11. I could find no remaining evidence of this spot near the lookout above the gun tower. The chemicals must have worked. My request to Parks for confirmation the site had been cleared was ignored.

  12. There are three sites here. Site A is a large grove of about a dozen mature plants at least 10 feet tall, back from the path up the hill and inaccessible behind blackberries. ISCMV sprayed in 2017. There has been no regrowth visible as of 2022.

    Stanley Park invasive plants - Japanese Knotweed

    Spot B was covered in landscape fabric at some time in the past. In 2021 I noticed for the first time canes growing farther back toward the big tree. I waded through the blackberries in 2022 to dig up the roots growing overtop the fabric.

    Spot C was also covered in landscape fabric in the past. But it was not maintained. The Knotweed grew through the fabric, leaves fell and created new top soil, grasses and blackberries colonized the new soil. There was also Knotweed growing from crowns in the new soil, sending out roots sideways because they cannot go down. The blackberries then prevented any maintenance.

    In 2018 Parks weed-whacked about half of the blackberries. By chance I noticed. I cleared all the plants living in the new soil and the accessible plants outside two edges. Unlike any other spots, the plants growing above the fabric are connected, not by rhizomes, but by old hollow stems. This might be because the area was used to pile salvageable logs during the windstorm clean up. Those logs may have pushed stems down into the ground, prompting them to root themselves. That would mean the fabric was laid before the 2006 storm.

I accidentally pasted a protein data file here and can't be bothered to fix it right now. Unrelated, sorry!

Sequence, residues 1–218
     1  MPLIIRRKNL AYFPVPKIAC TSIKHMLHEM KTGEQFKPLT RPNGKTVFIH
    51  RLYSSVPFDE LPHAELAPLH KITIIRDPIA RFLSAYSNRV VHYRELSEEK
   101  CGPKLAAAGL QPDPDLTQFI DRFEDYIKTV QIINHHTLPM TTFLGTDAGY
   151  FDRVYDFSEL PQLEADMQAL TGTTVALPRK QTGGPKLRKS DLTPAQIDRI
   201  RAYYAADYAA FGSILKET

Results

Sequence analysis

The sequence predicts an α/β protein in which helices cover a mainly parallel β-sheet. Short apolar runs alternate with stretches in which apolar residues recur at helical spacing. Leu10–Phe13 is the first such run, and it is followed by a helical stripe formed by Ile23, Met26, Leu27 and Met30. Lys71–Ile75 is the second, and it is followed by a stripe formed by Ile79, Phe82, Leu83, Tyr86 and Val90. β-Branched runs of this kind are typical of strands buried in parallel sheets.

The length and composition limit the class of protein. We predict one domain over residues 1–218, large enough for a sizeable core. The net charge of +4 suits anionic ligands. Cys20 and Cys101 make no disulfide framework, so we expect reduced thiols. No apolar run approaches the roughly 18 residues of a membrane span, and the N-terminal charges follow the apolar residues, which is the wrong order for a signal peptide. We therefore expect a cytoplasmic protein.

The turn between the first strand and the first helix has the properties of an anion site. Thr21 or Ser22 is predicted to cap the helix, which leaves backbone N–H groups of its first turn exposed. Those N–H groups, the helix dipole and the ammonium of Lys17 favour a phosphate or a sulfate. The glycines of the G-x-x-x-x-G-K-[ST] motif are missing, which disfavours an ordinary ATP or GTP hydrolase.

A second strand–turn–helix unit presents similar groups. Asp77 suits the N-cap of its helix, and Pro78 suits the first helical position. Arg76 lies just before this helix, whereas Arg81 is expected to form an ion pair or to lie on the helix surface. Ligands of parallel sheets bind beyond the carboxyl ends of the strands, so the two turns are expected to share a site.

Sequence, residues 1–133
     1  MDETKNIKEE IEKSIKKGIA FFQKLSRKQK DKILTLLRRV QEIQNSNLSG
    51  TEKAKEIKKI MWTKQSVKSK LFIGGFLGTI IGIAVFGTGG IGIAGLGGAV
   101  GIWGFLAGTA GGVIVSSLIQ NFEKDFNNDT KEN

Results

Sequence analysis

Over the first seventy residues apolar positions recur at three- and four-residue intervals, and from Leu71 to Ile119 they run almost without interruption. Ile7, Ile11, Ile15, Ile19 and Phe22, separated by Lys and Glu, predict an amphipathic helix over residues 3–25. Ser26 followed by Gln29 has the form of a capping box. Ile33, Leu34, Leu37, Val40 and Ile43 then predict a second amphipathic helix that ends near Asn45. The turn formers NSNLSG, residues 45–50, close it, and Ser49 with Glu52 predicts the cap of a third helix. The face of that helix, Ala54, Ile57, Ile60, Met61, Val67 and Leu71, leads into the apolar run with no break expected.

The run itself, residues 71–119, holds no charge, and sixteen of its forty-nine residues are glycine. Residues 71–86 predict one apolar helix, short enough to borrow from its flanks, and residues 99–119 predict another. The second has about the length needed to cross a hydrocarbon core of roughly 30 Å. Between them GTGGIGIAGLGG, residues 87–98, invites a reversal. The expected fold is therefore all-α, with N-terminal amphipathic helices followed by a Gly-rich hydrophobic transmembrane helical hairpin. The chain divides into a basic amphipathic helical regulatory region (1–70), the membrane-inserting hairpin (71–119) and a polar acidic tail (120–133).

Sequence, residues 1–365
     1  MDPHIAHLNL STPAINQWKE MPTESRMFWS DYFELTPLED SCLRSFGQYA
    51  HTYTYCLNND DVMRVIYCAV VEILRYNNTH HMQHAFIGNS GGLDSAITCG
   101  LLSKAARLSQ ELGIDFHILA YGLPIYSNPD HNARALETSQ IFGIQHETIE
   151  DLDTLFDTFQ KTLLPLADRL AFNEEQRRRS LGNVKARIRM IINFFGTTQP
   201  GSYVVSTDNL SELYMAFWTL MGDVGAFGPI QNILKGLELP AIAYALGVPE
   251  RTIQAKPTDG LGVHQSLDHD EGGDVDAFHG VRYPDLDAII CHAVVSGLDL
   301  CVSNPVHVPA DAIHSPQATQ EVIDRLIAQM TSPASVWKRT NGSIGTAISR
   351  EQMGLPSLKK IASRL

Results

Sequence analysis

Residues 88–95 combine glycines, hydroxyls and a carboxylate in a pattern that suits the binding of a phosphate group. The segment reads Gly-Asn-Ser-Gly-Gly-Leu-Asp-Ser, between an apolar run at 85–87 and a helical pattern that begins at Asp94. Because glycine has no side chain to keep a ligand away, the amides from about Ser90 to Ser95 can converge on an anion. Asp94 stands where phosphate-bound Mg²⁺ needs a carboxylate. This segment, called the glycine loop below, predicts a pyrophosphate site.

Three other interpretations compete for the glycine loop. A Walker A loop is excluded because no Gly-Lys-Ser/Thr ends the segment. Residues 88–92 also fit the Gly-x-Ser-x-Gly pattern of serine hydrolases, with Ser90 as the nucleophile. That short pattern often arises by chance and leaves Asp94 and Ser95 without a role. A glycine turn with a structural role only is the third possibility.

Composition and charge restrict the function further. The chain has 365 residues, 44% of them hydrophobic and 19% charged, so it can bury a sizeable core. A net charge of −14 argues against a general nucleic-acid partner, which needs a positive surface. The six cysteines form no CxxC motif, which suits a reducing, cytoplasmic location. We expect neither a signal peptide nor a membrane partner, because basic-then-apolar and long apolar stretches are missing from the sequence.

In 2019 Parks weed-whacked the complete area of landscape fabric. I cleared plants in the new area but there was no regrowth where I cleared the year before. I conclude that the landscape fabric did an excellent job. It was only the failure to do even minimal follow-up that prevented complete success. There were plants outside the fabric that I also cleared.

    In 2022 Parks weed-whacked at knee-height the full fabric area, plus a large adjacent area. But they did not remove the cut canes, making access almost impossible. I could see one site growing in the new area, and about four areas of regrowth in the 2019 fabric area. So I pushed in to clear the plants using a shovel to open a path.

    There remains at least one plant I expect to regrow. Outside the 2019 fabric's edge, at the front/north, I could not clear a root with hand tools because it was too large. So I made a cardboard barrier to prevent regrowth. There had been no regrowth in 2020 or 2021 - that I could see from the road. I found regrowth in 2022. But now it was so tightly hemmed in by blackberries I could not remove the cardboard.